And yes, although her next game does again focus on some of the more dismal aspects of human nature (hiring illegal Mexican workers) she has promised that she'll be switching tactics soon, and
going after brighter ideals.
How To Make Games That Aren't FunGiven that the previous day I had attended Brenda's talk about games in which the objectives did not include having fun (although some people did until they realized exactly what they were
doing, and some people just never fully got it) it made sense to check out Randy Smith's talk.
Randy admitted halfway through his talk that the title was a lie to draw us all in to the room. "I really don't know how to do it," he said. But he did have some ideas. The premise behind his
lecture was to create games that were engaging, but not "fun". In other words, games that focused on serious material and treated that material in a realistic manner. So, you have a game where you're
part of a squad of soldiers and have to shoot bad guys. It requires you to make strong tactical decisions, such as a member of your group being wounded and forcing you to leave him behind to complete
the mission. You then return to find he's be tortured and shot. It's easy to turn a scenario into something that's not fun, but an entire game? That's a bit daunting, but Randy tries to envision a
game where you are working in a hospital and have to make decisions that could end patient's lives. There aren't really any rewards for saving people, if you do then you're just simply doing a good
job. Do you send home a tired nurse and risk being shorthanded if a woman gives birth? Or do you keep him on duty and he ends up botching a surgery?
The problem comes from the fact that people engage in games for reasons other than fun all the time. People who play games like SOCOM want to know what it's like to operate in a squad and perform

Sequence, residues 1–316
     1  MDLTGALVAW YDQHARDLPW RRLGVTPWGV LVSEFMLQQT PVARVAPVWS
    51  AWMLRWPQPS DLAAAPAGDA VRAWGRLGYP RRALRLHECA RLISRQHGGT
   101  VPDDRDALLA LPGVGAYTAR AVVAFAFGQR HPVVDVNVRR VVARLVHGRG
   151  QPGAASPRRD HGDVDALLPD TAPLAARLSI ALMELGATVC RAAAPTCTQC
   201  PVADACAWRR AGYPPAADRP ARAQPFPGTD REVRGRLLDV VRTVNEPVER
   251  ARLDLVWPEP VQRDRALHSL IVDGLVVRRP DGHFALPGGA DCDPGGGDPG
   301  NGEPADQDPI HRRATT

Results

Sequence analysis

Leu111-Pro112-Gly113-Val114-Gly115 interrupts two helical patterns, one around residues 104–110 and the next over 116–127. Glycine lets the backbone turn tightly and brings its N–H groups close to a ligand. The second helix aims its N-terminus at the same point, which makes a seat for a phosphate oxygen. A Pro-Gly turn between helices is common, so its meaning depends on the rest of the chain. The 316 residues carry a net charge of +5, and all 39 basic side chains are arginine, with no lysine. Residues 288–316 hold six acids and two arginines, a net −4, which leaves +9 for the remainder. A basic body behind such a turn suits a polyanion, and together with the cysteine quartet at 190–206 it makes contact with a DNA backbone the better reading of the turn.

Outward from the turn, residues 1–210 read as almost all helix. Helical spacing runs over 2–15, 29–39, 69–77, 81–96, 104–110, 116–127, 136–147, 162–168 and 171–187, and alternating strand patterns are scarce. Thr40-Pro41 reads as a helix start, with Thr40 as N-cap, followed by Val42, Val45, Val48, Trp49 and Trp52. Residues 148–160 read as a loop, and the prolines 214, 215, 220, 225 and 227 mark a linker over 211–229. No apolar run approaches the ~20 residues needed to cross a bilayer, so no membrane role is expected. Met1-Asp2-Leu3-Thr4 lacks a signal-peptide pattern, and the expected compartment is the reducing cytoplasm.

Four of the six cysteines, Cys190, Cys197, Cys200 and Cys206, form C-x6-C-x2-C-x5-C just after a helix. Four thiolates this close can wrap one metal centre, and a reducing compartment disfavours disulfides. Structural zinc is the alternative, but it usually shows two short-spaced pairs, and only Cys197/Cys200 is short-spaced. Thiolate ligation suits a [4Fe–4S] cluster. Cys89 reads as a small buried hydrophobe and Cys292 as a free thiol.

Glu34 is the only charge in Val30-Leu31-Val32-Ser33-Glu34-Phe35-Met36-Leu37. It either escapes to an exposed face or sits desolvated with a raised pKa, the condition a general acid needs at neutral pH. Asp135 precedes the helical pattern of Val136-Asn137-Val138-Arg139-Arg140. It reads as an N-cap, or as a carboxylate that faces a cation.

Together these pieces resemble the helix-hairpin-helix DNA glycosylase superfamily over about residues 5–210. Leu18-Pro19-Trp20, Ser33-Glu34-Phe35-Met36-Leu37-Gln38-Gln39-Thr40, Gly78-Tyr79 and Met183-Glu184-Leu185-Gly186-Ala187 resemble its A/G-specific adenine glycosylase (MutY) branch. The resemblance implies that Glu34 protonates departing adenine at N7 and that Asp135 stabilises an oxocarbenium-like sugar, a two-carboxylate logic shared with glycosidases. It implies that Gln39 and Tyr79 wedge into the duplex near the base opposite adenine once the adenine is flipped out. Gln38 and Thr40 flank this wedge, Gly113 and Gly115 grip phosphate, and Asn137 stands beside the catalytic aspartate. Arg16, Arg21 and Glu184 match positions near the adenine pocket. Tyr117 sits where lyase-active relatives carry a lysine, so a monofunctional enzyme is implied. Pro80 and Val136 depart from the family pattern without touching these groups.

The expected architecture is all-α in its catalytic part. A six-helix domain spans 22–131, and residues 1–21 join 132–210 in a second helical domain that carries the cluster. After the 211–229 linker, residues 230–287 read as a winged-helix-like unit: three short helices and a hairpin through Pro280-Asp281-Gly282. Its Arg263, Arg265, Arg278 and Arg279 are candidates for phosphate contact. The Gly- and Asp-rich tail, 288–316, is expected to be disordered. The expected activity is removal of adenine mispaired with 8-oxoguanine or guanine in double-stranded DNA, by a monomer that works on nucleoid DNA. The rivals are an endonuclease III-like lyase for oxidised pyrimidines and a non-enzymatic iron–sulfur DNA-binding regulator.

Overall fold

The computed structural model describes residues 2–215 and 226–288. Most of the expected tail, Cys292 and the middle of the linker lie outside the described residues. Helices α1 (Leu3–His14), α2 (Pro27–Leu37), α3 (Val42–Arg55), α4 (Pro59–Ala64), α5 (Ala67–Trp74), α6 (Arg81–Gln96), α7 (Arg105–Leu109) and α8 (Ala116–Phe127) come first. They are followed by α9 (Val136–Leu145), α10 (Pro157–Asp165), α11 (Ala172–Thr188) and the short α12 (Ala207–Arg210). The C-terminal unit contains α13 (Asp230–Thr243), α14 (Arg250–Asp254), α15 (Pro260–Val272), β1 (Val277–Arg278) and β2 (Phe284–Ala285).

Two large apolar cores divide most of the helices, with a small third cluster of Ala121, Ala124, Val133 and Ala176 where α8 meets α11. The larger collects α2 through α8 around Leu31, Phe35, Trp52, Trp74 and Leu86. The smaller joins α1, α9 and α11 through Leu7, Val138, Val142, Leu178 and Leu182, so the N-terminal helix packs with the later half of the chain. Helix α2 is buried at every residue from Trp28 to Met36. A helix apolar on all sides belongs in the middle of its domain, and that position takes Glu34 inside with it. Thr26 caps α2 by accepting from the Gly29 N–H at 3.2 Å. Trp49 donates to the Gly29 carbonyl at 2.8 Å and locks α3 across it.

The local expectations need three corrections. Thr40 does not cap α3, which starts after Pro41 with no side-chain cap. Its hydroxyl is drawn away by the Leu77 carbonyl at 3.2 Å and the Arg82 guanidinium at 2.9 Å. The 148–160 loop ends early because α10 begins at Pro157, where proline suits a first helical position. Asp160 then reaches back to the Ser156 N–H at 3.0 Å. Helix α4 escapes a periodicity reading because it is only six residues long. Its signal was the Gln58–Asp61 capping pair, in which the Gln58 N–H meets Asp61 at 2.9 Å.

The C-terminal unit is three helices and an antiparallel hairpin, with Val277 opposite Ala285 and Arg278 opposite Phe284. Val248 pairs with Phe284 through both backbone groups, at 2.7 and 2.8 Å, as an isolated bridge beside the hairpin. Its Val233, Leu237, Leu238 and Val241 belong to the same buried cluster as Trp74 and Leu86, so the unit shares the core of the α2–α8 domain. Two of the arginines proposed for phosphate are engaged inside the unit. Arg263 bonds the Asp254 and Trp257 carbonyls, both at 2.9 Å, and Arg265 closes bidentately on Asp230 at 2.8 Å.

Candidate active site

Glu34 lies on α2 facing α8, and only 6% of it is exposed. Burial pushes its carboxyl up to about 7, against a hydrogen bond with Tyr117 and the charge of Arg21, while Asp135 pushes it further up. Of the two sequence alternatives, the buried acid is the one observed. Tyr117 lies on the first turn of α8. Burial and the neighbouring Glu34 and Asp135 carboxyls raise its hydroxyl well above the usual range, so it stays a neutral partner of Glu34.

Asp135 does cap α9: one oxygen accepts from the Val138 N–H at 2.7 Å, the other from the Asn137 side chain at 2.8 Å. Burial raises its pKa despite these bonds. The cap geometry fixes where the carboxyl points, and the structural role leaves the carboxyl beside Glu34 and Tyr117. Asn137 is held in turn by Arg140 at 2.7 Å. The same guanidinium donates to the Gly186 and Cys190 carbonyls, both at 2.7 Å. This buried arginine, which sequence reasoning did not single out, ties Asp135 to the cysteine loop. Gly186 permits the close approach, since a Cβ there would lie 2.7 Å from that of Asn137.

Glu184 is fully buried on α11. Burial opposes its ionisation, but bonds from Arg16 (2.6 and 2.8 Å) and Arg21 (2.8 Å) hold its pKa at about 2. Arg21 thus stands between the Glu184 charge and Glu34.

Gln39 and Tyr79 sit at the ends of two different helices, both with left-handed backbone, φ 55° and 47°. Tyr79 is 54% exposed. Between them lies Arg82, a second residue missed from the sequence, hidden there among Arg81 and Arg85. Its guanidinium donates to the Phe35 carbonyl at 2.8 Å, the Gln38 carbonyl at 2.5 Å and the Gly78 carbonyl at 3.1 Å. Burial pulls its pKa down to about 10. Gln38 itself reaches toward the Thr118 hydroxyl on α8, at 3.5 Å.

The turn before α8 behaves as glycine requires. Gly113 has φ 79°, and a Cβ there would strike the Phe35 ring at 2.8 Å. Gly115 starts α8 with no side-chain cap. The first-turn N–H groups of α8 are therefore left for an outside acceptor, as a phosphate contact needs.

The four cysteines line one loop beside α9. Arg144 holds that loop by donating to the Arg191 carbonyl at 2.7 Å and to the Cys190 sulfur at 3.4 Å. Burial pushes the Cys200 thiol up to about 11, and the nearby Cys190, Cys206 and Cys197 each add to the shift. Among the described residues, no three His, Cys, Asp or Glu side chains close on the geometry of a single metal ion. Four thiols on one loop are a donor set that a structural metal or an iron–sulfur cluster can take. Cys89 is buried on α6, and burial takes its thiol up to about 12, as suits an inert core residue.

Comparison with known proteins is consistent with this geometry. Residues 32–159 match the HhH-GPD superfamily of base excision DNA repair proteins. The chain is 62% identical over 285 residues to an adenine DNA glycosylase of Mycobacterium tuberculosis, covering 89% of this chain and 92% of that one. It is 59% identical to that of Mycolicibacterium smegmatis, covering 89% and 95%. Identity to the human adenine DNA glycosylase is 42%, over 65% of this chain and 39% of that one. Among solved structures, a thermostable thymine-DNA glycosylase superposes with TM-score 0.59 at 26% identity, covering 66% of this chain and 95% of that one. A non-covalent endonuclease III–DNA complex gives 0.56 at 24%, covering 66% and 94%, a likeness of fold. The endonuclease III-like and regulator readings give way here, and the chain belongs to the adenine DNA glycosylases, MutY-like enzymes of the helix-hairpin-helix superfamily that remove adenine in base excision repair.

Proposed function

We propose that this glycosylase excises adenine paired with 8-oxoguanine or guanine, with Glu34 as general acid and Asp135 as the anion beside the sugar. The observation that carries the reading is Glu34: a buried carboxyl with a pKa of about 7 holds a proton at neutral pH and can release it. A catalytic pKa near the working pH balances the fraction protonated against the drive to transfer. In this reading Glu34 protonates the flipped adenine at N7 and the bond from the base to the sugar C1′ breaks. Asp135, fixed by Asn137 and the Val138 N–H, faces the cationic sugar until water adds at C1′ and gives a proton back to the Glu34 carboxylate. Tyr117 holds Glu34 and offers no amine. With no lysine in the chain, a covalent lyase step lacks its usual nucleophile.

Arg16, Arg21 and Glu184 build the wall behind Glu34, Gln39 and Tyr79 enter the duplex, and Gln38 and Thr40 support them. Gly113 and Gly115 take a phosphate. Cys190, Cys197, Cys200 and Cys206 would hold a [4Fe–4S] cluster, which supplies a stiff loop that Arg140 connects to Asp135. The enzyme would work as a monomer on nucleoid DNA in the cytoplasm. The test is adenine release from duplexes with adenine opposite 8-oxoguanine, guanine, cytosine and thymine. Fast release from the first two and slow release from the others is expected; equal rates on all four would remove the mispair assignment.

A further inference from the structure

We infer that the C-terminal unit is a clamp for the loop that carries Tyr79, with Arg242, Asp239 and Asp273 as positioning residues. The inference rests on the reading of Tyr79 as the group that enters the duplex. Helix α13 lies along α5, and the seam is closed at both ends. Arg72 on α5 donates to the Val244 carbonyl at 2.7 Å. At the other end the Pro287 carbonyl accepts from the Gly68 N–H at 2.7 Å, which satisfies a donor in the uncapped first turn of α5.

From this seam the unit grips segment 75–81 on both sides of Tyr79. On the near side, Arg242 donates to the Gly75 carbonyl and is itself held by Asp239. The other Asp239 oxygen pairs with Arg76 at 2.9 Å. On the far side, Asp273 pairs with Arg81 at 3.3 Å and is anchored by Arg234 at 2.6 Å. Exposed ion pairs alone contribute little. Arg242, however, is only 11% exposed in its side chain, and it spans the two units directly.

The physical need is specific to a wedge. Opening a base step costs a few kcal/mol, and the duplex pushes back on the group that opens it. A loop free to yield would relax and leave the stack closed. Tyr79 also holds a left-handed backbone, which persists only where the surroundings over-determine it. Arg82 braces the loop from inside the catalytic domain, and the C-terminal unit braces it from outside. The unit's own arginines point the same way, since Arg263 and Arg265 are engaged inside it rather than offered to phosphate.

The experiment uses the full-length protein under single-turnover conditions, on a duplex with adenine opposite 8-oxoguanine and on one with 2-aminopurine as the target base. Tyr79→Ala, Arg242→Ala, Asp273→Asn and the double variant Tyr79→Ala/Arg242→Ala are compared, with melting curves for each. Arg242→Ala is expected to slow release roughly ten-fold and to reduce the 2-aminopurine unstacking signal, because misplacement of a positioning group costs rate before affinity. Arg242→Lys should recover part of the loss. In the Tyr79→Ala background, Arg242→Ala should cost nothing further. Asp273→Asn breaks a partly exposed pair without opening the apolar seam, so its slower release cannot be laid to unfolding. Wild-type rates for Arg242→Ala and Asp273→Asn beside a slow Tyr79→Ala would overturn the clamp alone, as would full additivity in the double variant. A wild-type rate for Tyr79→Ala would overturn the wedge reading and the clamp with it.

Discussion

skills that real NAVY Seals do out in the battlefield. They're not neccessarily having fun in the way of shouting and cheering "hey look! I just slit that guy's throat without him even knowing I was
there! Yipeee!!" but they are enjoying the experience of pretending to be someone they aren't. Not all games are accompanied by smiles and laughter, many are played with grim-set faces of complete
concentration as players try to out-think their opponents. They'll no doubt look back upon the experience as fun, but at the moment they are playing they are either concentrating hard or even cursing
at the screen as they die just before escaping a level for the umpteenth time. I can certainly recall plenty of gameplay experiences I wouldn't call "fun", but after completing them I did feel a
certain amount of satisfaction. When I didn't, that was just bad game design poking me in the eye.
But again, I've digressed into situations within a game, and not the entire game itself. While Randy's idea for a hospital game fit the parameters of a game that wasn't fun, it was also a game I
didn't feel any reason to want to play. Because it didn't sound fun? Or because it didn't seem to suit my tastes? Perhaps a bit of both. But since I keep ending up hypothizing distinct scenarios, it
lends me to think that while we can't make an entire game that's not fun, it's certainly a thought we can apply to specific gameplay scenarios to make them darker and impose a greater affect upon the
Then again it could also simply open the doors for yet more video game violence controversy. But someone needs to push those buttons as well.
In the end it's all pretty much food for thought. Check out Gamsutra's coverage of the session and the comments there for
more to munch on.